Why God Keeps Sending His Angels: Domestic Disturbance and Joseph’s Doubts about Mary in Chester and York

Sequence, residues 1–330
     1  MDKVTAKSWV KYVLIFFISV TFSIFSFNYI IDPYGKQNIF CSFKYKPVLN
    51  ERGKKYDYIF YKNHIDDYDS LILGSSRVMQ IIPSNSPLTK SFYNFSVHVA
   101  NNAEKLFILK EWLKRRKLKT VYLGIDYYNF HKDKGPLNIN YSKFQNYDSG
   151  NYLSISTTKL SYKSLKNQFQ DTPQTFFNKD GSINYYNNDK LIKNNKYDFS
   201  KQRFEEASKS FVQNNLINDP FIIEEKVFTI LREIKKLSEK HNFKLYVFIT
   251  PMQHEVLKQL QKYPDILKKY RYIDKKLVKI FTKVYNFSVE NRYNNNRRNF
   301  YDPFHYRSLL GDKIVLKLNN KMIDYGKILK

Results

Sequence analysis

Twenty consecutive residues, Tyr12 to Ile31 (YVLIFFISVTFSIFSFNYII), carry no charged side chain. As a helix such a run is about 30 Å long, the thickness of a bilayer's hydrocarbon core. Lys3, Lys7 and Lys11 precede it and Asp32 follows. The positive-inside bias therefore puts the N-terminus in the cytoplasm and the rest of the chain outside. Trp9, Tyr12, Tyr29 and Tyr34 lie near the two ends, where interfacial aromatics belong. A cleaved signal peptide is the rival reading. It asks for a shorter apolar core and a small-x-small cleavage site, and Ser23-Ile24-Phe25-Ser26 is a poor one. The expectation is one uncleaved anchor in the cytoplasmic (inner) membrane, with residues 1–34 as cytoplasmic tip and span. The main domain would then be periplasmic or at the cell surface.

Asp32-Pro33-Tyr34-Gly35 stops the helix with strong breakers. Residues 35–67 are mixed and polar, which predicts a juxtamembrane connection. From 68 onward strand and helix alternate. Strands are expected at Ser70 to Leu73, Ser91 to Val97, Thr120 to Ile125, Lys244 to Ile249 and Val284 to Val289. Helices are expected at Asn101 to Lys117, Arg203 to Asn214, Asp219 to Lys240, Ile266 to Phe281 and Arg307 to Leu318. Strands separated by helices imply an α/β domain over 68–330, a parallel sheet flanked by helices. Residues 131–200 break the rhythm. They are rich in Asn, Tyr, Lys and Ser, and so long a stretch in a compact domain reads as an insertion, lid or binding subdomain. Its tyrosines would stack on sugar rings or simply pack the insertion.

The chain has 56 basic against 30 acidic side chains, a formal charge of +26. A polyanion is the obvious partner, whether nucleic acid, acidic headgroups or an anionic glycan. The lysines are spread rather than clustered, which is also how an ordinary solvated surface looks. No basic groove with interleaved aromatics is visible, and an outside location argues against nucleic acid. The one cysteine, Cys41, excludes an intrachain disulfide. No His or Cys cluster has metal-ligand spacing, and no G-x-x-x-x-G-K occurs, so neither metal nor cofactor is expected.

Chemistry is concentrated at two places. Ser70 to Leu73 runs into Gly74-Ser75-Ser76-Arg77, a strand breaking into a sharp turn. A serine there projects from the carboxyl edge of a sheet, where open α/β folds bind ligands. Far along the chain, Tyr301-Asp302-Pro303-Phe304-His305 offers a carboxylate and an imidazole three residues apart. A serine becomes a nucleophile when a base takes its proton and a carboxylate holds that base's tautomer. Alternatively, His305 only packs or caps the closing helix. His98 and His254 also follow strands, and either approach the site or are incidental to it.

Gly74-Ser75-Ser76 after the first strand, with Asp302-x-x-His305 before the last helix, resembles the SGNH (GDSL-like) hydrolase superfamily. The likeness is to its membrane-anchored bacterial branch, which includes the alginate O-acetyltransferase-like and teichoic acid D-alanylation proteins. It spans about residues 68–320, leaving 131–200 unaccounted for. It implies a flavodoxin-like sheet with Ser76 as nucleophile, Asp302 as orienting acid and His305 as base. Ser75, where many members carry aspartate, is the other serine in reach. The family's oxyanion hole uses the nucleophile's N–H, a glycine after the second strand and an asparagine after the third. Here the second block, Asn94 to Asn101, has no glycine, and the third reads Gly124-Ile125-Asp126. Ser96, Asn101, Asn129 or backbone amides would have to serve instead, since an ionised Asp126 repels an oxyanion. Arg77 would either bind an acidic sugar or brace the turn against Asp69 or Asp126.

This chapter discusses the Church history that corresponds to the years shortly following the Quinisext Council, in Trullo, of 691-692. This event played a decisive role in shaping the Byzantine conception of Orthodoxy, articulating on the eve of Iconoclasm a specific bond between dogmatic definition, ritual and the customs of Christian society. The chapter recalls that the Armenian Church adhered only to the first three cumenical Councils and to the Formula of Reunion of 433. At the council convoked at patriarchal see of Duin in 553, the Church confirmed its rejection of the definition of faith of the Council of Chalcedon, thus detaching itself from succeeding Byzantine theological elaborations. The chapter confines itself to the documentation that most securely indicates a prolonged sojourn in Constantinople. Stephen of Siwnik's activity at Constantinople during 712-718 falls within the period of political instability in the Empire, with annual Arab incursions, and these circumstances find their reflection in the canons of the Quinisext Council.